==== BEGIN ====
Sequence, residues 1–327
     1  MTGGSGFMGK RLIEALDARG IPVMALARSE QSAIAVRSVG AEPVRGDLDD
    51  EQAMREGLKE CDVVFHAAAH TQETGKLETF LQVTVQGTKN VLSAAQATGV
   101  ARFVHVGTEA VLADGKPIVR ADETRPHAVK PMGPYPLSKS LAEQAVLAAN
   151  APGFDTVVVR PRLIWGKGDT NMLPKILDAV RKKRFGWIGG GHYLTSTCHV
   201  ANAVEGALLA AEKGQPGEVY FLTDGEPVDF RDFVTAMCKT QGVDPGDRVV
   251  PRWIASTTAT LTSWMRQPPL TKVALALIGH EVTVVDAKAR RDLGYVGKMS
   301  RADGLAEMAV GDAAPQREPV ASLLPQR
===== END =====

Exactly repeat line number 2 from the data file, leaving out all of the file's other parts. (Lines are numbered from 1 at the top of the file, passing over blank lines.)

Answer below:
     1  MTGGSGFMGK RLIEALDARG IPVMALARSE QSAIAVRSVG AEPVRGDLDD